So now that we know a little about how the Bible was put together, we will explore how we can go about interpreting it for ourselves.  There is a common debate among Christians and Christian denominations about how the Bible should be read- should it be read literally?  It is divinely inspired?  It is perfect, inerrant, and accurate?  People usually hold on of three positions about biblical inspiration: it is either all human, all divine, or both human and divine (source: What’s the Least I Can Believe and Still be a Christian? Thielen).  The all human position believes that the Bible is inspired, but no more than any other great work of literature.  For people of faith, this is not a good option because most of us do believe that the Bible is in some way divinely inspired, and “the word of God for the people of God.  We turn to the Bible for study of God and God’s people, for theology, for guidance on how we should live our lives.  Therefore, the Bible must be more than simply an inspired piece of literature.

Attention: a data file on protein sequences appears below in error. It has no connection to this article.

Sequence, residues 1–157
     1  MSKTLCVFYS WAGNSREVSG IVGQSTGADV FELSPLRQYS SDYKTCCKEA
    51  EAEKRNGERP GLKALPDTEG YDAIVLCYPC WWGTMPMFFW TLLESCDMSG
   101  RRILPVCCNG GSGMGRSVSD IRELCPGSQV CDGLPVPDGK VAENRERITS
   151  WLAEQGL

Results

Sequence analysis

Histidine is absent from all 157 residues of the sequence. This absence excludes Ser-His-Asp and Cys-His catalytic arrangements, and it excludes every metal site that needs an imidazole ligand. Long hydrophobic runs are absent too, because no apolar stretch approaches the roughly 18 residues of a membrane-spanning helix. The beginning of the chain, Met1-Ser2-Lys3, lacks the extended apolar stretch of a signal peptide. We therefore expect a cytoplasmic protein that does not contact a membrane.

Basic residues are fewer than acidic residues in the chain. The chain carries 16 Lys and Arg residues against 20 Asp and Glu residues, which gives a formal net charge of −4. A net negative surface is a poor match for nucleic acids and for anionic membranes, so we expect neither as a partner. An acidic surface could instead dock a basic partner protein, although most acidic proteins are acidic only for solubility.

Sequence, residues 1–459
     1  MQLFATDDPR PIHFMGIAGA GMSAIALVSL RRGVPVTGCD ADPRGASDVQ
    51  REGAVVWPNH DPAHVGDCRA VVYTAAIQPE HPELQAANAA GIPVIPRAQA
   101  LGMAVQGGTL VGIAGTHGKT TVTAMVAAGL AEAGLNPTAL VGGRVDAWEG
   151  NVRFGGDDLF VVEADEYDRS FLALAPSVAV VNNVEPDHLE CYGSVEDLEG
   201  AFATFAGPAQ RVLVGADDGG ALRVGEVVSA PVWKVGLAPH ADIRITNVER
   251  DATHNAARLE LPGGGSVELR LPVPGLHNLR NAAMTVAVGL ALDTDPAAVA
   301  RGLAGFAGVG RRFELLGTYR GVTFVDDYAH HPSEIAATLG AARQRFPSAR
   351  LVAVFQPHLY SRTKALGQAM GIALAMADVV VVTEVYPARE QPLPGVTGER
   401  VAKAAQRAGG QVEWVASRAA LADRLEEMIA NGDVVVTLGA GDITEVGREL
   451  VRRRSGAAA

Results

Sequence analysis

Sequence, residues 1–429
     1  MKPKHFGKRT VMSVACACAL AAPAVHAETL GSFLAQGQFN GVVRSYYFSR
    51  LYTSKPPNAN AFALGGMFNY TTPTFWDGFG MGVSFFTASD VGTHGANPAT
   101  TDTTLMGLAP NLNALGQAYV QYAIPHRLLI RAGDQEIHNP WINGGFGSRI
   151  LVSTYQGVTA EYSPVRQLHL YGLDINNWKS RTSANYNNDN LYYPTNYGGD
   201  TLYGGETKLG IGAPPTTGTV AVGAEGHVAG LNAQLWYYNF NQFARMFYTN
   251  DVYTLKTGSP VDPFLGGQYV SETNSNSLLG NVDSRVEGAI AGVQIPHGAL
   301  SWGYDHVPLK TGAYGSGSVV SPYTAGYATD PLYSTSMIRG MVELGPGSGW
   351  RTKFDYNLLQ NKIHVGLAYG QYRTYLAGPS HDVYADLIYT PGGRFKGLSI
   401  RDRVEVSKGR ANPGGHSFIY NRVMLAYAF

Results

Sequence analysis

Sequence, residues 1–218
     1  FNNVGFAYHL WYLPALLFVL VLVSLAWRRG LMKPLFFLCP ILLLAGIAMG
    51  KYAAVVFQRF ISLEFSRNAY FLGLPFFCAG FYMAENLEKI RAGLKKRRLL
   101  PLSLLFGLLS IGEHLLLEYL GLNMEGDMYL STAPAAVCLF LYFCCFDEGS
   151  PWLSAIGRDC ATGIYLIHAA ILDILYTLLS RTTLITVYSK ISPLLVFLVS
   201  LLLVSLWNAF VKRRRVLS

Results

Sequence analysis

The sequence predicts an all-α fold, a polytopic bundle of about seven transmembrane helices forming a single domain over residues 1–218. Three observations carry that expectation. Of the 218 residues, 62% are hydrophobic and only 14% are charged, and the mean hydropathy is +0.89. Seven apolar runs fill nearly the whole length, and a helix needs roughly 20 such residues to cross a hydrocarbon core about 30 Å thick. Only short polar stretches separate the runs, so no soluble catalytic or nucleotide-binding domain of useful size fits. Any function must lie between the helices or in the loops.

The second position, that the Bible is “all divine,” holds that everything in the Bible is literal, actual truth.  This is the view held by many fundamentalist churches.  It’s important to note that biblical inerrancy is not the historic position, but is quite new in the history of Christianity.  Its first appearance was around 1900 in reaction to discoveries of modern science, theories of evolution, and new biblical scholarship.  Some felt threatened by these new theories and developed the idea that the Bible is “inerrant and infallible” so that it could not be questioned by science or scholarship.  Unfortunately, this view is quite problematic and causes a lot of harm in our world today.  Just to give you some examples, if the Bible is to be taken literally, then “the earth is flat, creation took place 6,000 years ago, slavery is approved by God, women are the property of men, polygamy is approved by God, God throws raging, jealous fits, killing thousands in the process, eating shellfish is an abomination to God, wearing blended garments enrages God, menstruating women and handicapped men are not allowed in worship, God approves of genocide and commanded people to practice it, women are to be silent in church and to wear veils, the penalty for working on the Sabbath is death, and sassy teenagers are to be executed” (Thielen, 46).